Goldens from Doonfeeny, Lacken and Kilfian parishes
Golden families were recorded in three main areas around Ballycastle during the
Griffiths Valuation (1848-1864), Doonfeeny, Lacken/Kilcummin, and Kilfian. By
the time of the 1901 census, the Kilfian Goldens (about 6 miles south of
Ballycastle) had disappeared. However, the 1901 census records about 20
Golden households in Lacken and Kilcummin parishes to the east of Ballycastle
and 3 Golden families in Doonfeeny parish on the west side of Ballycastle.
According to family lore, the Doonfeeny and Lacken Goldens are not related,
and recent Y-DNA tests confirm this. Y-DNA test results of both the author's
Doonfeeny Golden family (kit 167422), and of a descendant of a Golden family
from Lacken (kit 35946) are posted on the "Golden Y-DNA Project" web page.
Goldens from all three areas emigrated to Pennsylvania, USA (including
Dunmore, PA), so these DNA test results could help to distinguish their
Doonfeeny Goldens and Y-DNA Results
A descendant of Thomas Golden c1820 (from Doonfeeny) has posted
their genealogical Y-DNA test results on the "Golden Y-DNA Project"
web page under the name of "Thomas Golden" (Kit 167422). The predicted Y-DNA Haplogroup, "R1b1b2" is consistent with the Gaelic-Celts who invaded Ireland from Europe before the time of Christ. This suggests that "Golden" is the Anglicised form of the Gaelic name, Ó Góilín or Mag Ualghairg. The DNA results closely match the Dalriadic modal haplotype attributed to the High King of Ireland, Colla Uais (c325AD), of the Dál Riata kingdom (north Ireland and west coast of Scotland). This is entirely consistent with the fact that the nearest matches in the public DNA databases have their origins mainly in Scotland, Northern Ireland, and Ireland (in that order). However, the common ancestors from these nearest matches, would probably have lived before the time that surnames were adopted (c1,000 AD). Interestingly, most of the Golden families in Scotland during the 1891 census were to be found in the region adjacent to Northern Ireland, separated by only 12 miles of water. In summary, it seems likely that this Golden family is descended from Colla Uais, High King of Ireland (click here for further information on Colla Uais).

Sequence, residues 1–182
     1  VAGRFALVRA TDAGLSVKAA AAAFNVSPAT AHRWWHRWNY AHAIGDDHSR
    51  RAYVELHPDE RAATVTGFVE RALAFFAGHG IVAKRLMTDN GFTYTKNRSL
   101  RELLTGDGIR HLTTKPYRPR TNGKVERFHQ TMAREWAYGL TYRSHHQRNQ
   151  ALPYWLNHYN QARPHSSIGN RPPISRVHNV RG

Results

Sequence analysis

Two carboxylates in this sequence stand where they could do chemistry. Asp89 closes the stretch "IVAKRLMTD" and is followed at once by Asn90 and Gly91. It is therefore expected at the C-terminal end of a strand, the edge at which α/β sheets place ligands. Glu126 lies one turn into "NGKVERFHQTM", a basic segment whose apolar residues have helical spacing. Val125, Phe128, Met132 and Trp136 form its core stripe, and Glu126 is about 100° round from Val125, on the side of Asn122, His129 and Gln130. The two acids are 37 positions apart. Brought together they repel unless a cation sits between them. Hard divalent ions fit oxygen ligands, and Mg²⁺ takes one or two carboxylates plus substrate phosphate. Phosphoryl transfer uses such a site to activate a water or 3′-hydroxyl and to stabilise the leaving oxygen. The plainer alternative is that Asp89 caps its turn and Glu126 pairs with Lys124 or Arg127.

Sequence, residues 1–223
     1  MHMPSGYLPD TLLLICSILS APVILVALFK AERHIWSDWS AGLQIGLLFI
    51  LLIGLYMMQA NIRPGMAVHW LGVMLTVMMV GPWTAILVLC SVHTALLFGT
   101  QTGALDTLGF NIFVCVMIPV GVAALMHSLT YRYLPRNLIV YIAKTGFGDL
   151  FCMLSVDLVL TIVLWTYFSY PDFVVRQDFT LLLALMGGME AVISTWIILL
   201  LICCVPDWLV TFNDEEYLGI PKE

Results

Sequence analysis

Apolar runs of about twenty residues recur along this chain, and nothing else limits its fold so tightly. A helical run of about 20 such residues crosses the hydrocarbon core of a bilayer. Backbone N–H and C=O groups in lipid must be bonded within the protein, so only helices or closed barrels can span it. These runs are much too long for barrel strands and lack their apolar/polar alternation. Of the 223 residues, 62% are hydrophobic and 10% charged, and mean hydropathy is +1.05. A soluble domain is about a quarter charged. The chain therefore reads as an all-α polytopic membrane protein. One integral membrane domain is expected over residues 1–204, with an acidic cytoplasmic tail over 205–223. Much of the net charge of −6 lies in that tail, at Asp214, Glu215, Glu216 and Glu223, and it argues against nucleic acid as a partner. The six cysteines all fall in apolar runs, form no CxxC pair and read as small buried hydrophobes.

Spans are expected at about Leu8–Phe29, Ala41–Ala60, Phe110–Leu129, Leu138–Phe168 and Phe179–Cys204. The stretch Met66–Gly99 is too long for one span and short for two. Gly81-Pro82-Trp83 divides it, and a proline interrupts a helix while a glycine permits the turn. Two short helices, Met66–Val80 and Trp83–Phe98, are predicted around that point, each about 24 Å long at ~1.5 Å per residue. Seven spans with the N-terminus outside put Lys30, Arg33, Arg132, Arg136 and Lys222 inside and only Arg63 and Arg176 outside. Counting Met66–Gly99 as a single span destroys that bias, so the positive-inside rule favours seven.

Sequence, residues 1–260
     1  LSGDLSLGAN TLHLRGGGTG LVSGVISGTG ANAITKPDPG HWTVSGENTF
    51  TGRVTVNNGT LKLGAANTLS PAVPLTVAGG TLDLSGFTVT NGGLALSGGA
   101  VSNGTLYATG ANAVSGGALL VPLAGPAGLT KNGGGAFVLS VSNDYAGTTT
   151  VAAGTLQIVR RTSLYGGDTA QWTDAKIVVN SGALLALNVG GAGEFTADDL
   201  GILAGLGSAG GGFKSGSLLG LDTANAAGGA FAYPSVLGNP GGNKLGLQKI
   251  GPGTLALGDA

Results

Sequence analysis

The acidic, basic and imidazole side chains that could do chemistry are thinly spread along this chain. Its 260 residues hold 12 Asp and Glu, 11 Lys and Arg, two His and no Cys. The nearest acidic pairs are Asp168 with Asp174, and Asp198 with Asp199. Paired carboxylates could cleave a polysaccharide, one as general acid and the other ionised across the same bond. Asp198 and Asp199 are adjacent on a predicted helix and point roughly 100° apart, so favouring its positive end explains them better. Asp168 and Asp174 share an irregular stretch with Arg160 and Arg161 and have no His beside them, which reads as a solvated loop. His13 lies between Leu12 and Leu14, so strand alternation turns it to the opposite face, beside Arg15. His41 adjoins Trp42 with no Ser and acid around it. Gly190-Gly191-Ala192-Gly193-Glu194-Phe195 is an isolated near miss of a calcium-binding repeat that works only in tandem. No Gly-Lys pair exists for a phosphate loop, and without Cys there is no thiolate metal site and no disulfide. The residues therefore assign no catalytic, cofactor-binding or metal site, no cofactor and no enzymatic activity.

The author's paternal ancestors are shown on the chart below dating from about 1800, including Deane, Early, Forde, Golden, Healy, Purcell, and Walsh. Clicking on the link will open a descendants chart for that ancestor with an index of names at the back. Names of living relatives have been omitted for reasons of privacy.
The following lists indicate how common each of the above surnames was by county during the 1848-1864 Griffiths Valuation. If the surname is very rare, then you can be more certain that a name which matches your ancestor's is more likely to be the correct person. If the name is common, then you may need more details to verify the match. This information is available for most surnames at the Irish Times web site.
Lacken Goldens and Y-DNA Results The descendant chart of some Goldens from Lacken is shown here by kind permission of Marie Kerr. A descendant of Andrew Golden's line has posted Y-DNA test results (kit 35946) on the "Golden Y-DNA Project" web page. The haplotype is R1b1b2a1b5 and the results closely match the "Niall of the Nine Hostages" modal, which is quite distinct from the Doonfeeny Goldens Y-DNA result (kit 167422). Niall was a High King of Ireland who ruled about 400 AD.
According to a Michigan, USA descendant, the Kilfian Goldens started emigrating to the USA during the potato famine circa 1845 and later, some of them moved on to Michigan. Descendants of a Michael Golden c1780 of Kilfian, living in Michigan, have posted family information at http://www.nunica.com/golden/index.html. It is not yet known if the Kilfian Goldens are related to the Doonfeeny or Lacken Goldens but this could be determined if a Kilfian descendant posts a Y-DNA test in the future. The Goldens (and some other Irish families) listed in the St Mary's Church Cemetery in Marne, MI are purported to be from Kilfian.
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